Civilians risk their lives at military firing ranges

The Swedish Armed Forces sees a growing problem with civilians who accidentally or negligently enter military firing ranges during ongoing firing exercises. Despite the fact that it is prohibited as well as dangerous.

Rekryt vid Luftstridsskolan övar ned kulsprut 58.
Rekryt vid Luftstridsskolan övar ned kulsprut 58.
Exercises are being held at military firing ranges despite the corona pandemic. Photo: Kristoffer Olofsson/Swedish Armed Forces

"Not everyone seems to have understood that the Armed Forces’ exercises continue despite the corona pandemic. Although the Aurora exercise has been postponed, our activities have not been suspended," says Roger Rappell, head of the firing range at the Skaraborg Regiment (P 4).

The Air force and Navy are also conducting activities as usual, and as many are working from home these days, air activities are being noticed in a different way.

"We receive more calls than before from people living in the area. The reason may be that people are working from home to a larger extent and therefore pay more attention to our activities. But our activities have not changed in any way, we are in the air to the same extent as before," says Lena Bogren, head of communications at the Skaraborg air Wing (P 7).

Never enter a closed firing range

In just a few days, three serious incidents occurred. At the Remmene firing range near Herrljunga, unexploded ammunition was being cleared when two girls entered the firing range on their horses.

"They had passed the road barrier but had not read the sign and this led to a report being filed with the police," says Roger Rappell.

At the Sågebacken firing range near Uddevalla, explosion exercises were being held and the soldiers were about to light the fuse when they saw a cyclist approach the area, but they managed to stop just in time.

"There was a big signpost in this location as well. Being fined seems more frightening to people than the actual risk of dying however," says Roger Rappell.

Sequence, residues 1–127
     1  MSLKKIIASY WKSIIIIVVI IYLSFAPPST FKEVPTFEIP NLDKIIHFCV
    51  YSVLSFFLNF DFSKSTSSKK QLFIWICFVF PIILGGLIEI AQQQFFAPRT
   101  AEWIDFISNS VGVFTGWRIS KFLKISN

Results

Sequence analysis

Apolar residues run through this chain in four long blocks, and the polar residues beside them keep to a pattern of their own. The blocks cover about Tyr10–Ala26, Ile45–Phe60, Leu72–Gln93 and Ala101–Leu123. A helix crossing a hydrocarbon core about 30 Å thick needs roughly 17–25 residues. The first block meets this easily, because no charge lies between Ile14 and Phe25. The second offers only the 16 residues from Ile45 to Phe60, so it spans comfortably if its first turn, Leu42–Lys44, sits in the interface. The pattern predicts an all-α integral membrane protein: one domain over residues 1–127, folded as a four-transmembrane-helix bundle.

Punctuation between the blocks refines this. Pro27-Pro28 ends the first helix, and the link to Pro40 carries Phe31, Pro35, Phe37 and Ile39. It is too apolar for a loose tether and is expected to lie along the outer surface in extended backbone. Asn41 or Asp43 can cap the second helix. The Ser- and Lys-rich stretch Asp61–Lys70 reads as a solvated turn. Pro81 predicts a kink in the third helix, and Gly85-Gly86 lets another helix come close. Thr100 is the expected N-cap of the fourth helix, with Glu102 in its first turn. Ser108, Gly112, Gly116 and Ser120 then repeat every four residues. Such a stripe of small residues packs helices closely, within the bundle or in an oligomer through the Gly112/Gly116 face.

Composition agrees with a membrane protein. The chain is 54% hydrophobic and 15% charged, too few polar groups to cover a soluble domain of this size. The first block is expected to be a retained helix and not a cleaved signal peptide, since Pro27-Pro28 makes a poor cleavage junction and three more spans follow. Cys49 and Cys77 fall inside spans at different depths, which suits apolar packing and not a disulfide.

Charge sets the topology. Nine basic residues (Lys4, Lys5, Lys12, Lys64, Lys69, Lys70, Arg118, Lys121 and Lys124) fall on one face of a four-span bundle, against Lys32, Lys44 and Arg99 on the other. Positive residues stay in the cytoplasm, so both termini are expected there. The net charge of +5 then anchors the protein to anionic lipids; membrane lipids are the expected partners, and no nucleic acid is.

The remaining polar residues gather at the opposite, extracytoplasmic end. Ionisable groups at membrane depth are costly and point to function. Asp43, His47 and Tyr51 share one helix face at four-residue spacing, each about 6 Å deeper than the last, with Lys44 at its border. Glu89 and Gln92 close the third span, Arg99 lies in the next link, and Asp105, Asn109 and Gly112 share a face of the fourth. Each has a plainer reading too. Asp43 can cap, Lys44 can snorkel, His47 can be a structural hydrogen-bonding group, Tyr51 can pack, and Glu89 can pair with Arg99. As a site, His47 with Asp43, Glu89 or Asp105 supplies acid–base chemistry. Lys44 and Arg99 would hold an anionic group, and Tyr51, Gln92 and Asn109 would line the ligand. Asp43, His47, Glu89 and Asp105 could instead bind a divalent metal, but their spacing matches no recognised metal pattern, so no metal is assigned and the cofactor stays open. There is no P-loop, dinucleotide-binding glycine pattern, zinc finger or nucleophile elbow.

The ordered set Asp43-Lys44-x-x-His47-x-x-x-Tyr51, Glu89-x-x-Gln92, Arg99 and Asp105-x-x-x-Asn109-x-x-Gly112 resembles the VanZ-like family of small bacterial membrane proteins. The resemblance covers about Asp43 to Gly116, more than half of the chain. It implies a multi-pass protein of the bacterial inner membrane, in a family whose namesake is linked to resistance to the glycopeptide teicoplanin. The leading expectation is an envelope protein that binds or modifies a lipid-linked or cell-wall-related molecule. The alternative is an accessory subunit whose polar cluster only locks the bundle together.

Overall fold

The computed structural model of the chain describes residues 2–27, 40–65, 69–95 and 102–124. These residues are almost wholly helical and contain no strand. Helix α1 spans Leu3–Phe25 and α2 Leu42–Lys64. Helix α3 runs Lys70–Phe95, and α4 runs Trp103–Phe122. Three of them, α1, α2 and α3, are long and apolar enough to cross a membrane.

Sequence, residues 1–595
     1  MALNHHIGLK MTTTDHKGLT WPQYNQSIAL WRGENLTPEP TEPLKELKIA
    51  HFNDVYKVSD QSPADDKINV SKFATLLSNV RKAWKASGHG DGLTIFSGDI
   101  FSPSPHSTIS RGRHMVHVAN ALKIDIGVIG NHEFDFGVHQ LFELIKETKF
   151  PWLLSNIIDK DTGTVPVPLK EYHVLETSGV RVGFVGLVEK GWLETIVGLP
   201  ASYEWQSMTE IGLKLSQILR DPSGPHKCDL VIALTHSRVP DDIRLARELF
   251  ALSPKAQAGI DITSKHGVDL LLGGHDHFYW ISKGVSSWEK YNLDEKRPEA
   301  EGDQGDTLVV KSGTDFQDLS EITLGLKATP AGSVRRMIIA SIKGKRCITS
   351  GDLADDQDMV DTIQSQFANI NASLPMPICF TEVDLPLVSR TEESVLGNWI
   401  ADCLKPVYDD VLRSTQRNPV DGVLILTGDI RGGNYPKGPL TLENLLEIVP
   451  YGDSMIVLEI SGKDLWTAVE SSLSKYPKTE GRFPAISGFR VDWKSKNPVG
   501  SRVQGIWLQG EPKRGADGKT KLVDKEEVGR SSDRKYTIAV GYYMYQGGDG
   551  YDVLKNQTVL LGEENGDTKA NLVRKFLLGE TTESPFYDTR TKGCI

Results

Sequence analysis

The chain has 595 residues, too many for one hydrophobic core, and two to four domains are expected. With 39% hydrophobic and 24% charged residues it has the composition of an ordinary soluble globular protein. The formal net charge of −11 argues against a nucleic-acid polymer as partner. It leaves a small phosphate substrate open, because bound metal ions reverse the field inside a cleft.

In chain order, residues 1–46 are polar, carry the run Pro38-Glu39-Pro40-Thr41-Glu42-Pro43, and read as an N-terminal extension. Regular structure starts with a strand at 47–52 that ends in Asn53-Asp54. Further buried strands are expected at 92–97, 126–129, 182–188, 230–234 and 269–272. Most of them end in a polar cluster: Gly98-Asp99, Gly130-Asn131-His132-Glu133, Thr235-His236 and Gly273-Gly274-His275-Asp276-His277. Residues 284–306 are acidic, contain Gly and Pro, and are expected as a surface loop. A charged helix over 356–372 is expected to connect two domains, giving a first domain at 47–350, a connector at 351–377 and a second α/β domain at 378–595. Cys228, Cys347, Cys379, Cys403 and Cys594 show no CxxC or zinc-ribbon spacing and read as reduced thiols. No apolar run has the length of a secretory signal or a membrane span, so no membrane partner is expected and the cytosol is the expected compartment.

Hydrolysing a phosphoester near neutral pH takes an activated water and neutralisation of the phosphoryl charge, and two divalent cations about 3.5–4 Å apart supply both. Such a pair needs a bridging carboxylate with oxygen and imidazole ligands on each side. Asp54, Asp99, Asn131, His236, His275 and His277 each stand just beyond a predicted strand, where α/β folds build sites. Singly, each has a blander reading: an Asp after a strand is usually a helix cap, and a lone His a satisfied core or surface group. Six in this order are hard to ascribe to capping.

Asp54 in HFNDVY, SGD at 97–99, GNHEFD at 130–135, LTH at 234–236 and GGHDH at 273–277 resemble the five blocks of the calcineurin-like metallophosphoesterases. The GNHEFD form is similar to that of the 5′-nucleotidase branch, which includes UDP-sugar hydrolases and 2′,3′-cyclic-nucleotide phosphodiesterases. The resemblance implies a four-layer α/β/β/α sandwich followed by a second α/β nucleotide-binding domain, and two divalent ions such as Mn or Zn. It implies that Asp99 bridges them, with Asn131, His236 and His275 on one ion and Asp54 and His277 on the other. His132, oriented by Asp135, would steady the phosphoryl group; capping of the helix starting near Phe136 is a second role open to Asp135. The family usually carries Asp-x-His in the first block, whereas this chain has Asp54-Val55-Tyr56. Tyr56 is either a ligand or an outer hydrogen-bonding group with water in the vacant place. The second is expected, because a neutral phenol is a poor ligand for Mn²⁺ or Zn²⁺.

On Saturday, four elderly men entered the same firing range, disregarding the barrier and when they were stopped, their explanation was somewhat vague, says Roger Rappell.

"On account of the corona pandemic, they did not think that we were exercising, and they claimed not to have seen or heard military personnel nearby. But that is exactly where it is most dangerous to be. If you cannot see anyone, you are likely to be in the target area."

Take signs very seriously

When exercises are not being held, the Armed Forces’ firing ranges are usually open to the public. They are often popular outdoor recreation areas, but when the areas are closed, entering is always prohibited, according to the Installations Protection Act (2010:305). It is very important to take signposts, sealed-off areas and notices very seriously.

Even if live firing is not always being conducted, other activities may be going on, including traffic with heavy vehicles, and the drivers are not expecting unauthorised individuals in the area. If you need to inform yourself of the current rules, please see Försvarsmaktens website.

The Armed Forces conducts various kinds of activities 24 hours a day, 365 days a year. It is very important for the public to take signposts, sealed-off areas and notices very seriously.